Plotting Graphs + Bestfit lines

Discussion in 'Python' started by arslanburney@gmail.com, Jun 13, 2008.

  1. Guest

    Hello. Ive got two functions here. Somehow the program does not go in
    to the second function wehn i call it. The bestfit function. Could
    some1 help me identify the problem. Heres the code:


    import Gnuplot

    def bestfit(uinput):

    if not isinstance(uinput, list):
    return False

    else:


    sigmax = sigmay = sigmaxy = sigmaxwhl = sigmaxsq = 0

    for i in range(len(uinput)):

    n = len(uinput)

    sigmax = uinput[0] + sigmax
    sigmay = uinput[1] + sigmay
    sigmaxy = uinput[0] * uinput [1] + sigmaxy
    sigmaxwhl = sigmax * sigmax
    sigmaxsq = uinput[0] * uinput[0] + sigmaxsq
    sigmaxsigmay = sigmax * sigmay

    num = sigmaxsigmay - (n * sigmaxy)
    den = sigmaxwhl - (n* sigmaxsq)

    num2 = (sigmax * sigmaxy) - (sigmay * sigmaxsq)


    gradient = num / den

    intercept = num2 / den

    m = gradient
    c = intercept

    p = Gnuplot.Gnuplot()
    p.plot ('%f * x+%f'%(m,c))

    return p

    def plot(original, expected, actual):


    if not isinstance(original, list):
    return False

    else:

    gp = Gnuplot.Gnuplot()
    gp('set data style lines')



    # Make the plot items
    plot1 = Gnuplot.PlotItems.Data(original, title="Original")
    plot2 = Gnuplot.PlotItems.Data(expected, title="Expected")
    plot3 = Gnuplot.PlotItems.Data(actual, title="Acutal")


    gp.plot(plot1, plot2, plot3)
    bestfit(expected)
    bestfit(actual)

    return gp


    -------

    import Combine #The name of my file...

    gp = Combine.plot( [(2,3), (4,8), (5,9), (6,2)], [(1,7), (3,3), (4,5),
    (5,6)], [(1,3), (3,10), (4,8), (7,9) ] )
    raw_input()
     
    , Jun 13, 2008
    #1
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  2. Peter Otten Guest

    wrote:

    > Hello. Ive got two functions here. Somehow the program does not go in
    > to the second function wehn i call it. The bestfit function. Could
    > some1 help me identify the problem. Heres the code:


    Same problem as before, you have to keep the Gnuplot instance alive if you
    want to see the graph.

    Note that instead of

    for i in range(len(uinput)):
    sigmaxy = uinput[0] * uinput[1] + sigmaxy

    you could write

    for x, y in uinput:
    sigmaxy += x * y

    High time to take a look into a good Python tutorial...

    # --- combine.py ---
    import Gnuplot

    def bestfit(uinput):
    sigmax = sigmay = sigmaxy = sigmaxwhl = sigmaxsq = 0

    for i in range(len(uinput)):

    n = len(uinput)

    sigmax = uinput[0] + sigmax
    sigmay = uinput[1] + sigmay
    sigmaxy = uinput[0] * uinput [1] + sigmaxy
    sigmaxwhl = sigmax * sigmax
    sigmaxsq = uinput[0] * uinput[0] + sigmaxsq
    sigmaxsigmay = sigmax * sigmay

    num = sigmaxsigmay - (n * sigmaxy)
    den = sigmaxwhl - (n* sigmaxsq)

    num2 = (sigmax * sigmaxy) - (sigmay * sigmaxsq)


    gradient = num / den

    intercept = num2 / den

    m = gradient
    c = intercept

    p = Gnuplot.Gnuplot()
    p.plot ('%f * x+%f'%(m,c))

    return p

    def plot(original, expected, actual):
    gp = Gnuplot.Gnuplot()
    gp('set data style lines')



    # Make the plot items
    plot1 = Gnuplot.PlotItems.Data(original, title="Original")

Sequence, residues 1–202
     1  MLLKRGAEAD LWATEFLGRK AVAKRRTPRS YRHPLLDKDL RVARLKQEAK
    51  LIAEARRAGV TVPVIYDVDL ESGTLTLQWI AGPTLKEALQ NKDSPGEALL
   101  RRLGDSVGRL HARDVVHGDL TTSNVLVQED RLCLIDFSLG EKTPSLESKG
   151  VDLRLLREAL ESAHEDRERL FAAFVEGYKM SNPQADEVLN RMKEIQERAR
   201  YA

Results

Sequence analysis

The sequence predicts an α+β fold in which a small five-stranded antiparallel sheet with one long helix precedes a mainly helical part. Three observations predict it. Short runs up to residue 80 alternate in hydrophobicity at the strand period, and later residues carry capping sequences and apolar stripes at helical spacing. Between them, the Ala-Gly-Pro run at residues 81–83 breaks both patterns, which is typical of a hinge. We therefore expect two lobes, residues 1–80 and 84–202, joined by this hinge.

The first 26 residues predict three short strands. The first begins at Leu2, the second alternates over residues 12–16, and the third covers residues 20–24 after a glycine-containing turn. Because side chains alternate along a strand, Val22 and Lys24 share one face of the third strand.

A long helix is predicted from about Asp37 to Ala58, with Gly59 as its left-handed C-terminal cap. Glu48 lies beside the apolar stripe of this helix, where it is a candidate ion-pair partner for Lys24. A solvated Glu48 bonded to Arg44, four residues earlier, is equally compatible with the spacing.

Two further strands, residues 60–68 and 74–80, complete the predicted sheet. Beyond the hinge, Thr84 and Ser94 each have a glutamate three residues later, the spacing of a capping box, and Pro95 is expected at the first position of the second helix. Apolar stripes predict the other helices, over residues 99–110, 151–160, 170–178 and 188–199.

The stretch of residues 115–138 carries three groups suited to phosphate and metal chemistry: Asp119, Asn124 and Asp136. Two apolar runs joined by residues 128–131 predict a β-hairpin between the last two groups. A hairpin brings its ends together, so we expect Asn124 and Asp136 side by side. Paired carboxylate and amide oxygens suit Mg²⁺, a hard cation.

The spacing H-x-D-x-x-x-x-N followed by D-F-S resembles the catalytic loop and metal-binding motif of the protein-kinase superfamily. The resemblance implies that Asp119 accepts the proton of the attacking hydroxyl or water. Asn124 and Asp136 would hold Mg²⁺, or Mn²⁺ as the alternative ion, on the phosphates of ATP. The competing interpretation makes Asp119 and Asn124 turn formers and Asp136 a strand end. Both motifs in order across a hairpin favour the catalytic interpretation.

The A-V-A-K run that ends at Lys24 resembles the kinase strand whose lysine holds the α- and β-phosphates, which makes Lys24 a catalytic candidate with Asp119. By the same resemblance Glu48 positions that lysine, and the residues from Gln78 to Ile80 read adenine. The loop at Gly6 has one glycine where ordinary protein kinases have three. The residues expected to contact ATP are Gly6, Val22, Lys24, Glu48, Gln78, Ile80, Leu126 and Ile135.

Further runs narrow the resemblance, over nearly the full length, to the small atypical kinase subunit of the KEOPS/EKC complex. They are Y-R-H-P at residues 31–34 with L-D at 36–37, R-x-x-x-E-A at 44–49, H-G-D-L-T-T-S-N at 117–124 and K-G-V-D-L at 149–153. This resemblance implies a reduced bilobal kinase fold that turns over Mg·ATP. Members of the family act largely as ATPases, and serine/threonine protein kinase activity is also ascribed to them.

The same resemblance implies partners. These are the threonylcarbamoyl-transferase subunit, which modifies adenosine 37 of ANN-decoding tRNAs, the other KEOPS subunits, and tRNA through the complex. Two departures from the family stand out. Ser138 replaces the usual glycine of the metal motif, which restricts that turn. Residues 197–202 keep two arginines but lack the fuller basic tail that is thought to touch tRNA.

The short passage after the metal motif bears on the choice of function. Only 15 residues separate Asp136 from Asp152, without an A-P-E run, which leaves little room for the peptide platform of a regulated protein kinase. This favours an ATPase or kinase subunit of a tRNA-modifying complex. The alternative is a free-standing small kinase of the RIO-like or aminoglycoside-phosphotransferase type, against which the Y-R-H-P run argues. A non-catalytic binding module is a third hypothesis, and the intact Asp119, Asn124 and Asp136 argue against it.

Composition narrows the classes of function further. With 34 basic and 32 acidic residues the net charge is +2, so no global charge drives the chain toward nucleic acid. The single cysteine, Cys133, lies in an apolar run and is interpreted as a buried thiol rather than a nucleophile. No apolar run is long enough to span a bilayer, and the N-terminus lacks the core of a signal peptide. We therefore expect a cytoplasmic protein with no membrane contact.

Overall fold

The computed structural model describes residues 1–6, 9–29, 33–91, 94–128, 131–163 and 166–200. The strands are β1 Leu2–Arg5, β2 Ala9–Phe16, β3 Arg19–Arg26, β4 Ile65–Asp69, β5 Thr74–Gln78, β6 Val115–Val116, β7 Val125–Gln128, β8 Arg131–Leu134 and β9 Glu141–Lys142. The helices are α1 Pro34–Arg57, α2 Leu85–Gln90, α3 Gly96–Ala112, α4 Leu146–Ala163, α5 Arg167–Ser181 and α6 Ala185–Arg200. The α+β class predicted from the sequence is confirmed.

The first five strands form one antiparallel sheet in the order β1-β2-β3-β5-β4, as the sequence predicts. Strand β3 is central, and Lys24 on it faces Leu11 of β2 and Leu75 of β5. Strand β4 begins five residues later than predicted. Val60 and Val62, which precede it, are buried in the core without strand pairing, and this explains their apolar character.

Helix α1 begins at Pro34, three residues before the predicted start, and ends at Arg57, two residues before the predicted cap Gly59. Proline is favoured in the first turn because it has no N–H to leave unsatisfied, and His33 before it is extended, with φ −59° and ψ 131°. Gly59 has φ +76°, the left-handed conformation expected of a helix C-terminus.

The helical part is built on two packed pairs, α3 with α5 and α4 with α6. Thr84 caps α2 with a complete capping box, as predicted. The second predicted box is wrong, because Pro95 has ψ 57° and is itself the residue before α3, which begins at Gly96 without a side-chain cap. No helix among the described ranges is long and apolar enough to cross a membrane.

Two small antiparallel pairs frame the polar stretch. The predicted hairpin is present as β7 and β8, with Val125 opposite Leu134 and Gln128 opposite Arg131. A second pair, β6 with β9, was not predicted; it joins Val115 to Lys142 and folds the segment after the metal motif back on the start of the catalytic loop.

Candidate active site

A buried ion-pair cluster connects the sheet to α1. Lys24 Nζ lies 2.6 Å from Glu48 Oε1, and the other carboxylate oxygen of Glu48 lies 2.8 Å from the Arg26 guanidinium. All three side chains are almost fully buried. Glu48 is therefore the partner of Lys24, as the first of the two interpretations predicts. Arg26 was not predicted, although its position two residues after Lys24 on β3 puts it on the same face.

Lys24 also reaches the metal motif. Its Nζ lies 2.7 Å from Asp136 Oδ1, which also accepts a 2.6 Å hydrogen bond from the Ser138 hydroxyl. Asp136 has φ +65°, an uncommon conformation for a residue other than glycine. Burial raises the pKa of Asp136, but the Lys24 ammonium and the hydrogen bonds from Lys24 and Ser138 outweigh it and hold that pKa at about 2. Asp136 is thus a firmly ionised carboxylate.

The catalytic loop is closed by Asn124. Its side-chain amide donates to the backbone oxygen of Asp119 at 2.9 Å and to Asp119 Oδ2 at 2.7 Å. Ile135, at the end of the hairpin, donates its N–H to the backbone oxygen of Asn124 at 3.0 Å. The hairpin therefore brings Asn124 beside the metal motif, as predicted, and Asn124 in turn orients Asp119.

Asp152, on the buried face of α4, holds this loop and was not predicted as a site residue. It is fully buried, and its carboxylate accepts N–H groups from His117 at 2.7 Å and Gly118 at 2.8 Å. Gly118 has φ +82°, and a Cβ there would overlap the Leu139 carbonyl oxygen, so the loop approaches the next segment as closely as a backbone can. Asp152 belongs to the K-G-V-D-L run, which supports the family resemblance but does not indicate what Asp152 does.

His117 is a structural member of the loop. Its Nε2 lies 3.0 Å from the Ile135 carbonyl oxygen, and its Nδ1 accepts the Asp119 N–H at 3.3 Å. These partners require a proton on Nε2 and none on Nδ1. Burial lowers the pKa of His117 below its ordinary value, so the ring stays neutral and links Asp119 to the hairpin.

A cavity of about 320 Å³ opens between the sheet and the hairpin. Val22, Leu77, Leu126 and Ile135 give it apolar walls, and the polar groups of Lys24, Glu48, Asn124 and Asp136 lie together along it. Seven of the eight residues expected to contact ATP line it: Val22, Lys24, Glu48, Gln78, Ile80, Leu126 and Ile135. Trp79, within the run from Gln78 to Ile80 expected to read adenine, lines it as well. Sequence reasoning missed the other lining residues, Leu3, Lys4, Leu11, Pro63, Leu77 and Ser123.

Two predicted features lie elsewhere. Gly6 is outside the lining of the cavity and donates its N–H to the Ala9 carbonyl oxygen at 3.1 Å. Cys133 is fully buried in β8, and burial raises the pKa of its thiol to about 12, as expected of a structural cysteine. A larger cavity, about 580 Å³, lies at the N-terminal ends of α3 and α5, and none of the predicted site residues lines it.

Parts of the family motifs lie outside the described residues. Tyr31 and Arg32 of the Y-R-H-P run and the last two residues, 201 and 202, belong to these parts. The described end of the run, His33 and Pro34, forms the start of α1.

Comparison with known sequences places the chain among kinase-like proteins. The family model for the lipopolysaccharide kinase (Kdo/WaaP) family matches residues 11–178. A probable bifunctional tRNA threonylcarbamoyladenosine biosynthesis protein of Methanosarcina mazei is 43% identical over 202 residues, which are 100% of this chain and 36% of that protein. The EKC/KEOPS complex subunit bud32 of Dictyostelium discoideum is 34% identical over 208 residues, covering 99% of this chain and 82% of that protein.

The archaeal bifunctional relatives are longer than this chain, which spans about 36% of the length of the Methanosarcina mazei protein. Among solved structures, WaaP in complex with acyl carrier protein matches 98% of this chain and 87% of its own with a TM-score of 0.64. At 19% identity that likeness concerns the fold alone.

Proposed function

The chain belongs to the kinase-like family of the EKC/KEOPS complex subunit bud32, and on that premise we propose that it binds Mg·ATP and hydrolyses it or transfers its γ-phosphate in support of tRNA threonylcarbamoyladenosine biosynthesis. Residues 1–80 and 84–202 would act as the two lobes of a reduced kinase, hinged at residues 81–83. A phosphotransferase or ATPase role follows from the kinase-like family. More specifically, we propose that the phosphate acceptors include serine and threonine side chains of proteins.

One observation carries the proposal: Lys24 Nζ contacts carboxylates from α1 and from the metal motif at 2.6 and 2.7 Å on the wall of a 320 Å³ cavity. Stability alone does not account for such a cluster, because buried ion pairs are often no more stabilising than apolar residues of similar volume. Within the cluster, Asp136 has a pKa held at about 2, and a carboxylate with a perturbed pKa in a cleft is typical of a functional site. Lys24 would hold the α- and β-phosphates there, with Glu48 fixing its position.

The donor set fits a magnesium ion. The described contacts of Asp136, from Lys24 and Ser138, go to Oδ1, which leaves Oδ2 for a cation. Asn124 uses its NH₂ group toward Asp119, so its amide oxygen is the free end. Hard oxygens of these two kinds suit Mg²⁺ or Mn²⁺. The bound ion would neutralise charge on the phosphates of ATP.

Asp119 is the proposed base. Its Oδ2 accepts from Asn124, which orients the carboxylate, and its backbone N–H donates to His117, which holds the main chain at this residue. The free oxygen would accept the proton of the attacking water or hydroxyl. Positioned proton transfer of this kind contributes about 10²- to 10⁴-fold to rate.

plot2 = Gnuplot.PlotItems.Data(expected, title="Expected")
    plot3 = Gnuplot.PlotItems.Data(actual, title="Acutal")


    gp.plot(plot1, plot2, plot3)
    return gp


    def show_plots(original, expected, actual):
    gp = combine.plot( original, expected, actual)
    raw_input("first")
    gp = combine.bestfit(expected)
    raw_input("second")
    gp = combine.bestfit(actual)
    raw_input("third")

    # --- combine_main.py ---
    import combine

    combine.show_plots([(2,3), (4,8), (5,9), (6,2)], [(1,7), (3,3), (4,5),
    (5,6)], [(1,3), (3,10), (4,8), (7,9) ] )
     
    Peter Otten, Jun 13, 2008
    #2
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  3. Guest

    Umm.... Tried this out too.... Laiken heres the error that this
    gives..

    Traceback (most recent call last):
    File "D:\Questions\Gradient and C\Gnuplot\Combining Best fit and
    Plotting\combasd.py", line 3, in <module>
    combine.show_plots([(2,3), (4,8), (5,9), (6,2)], [(1,7), (3,3),
    (4,5), (5,6)], [(1,3), (3,10), (4,8), (7,9) ] )
    File "D:\Questions\Gradient and C\Gnuplot\Combining Best fit and
    Plotting\combine.py", line 54, in show_plots
    gp = combine.plot( original, expected, actual)
    NameError: global name 'combine' is not defined

    Still confused though i get the instance part ur trying to tell me.
     
    , Jun 13, 2008
    #3
  4. Peter Otten Guest

    wrote:

    > Umm.... Tried this out too.... Laiken heres the error that this
    > gives..
    >
    > Traceback (most recent call last):
    > File "D:\Questions\Gradient and C\Gnuplot\Combining Best fit and
    > Plotting\combasd.py", line 3, in <module>
    > combine.show_plots([(2,3), (4,8), (5,9), (6,2)], [(1,7), (3,3),
    > (4,5), (5,6)], [(1,3), (3,10), (4,8), (7,9) ] )
    > File "D:\Questions\Gradient and C\Gnuplot\Combining Best fit and
    > Plotting\combine.py", line 54, in show_plots
    > gp = combine.plot( original, expected, actual)
    > NameError: global name 'combine' is not defined
    >
    > Still confused though i get the instance part ur trying to tell me.


    Sorry, it should have been

    def show_plots(original, expected, actual):
    gp = plot( original, expected, actual)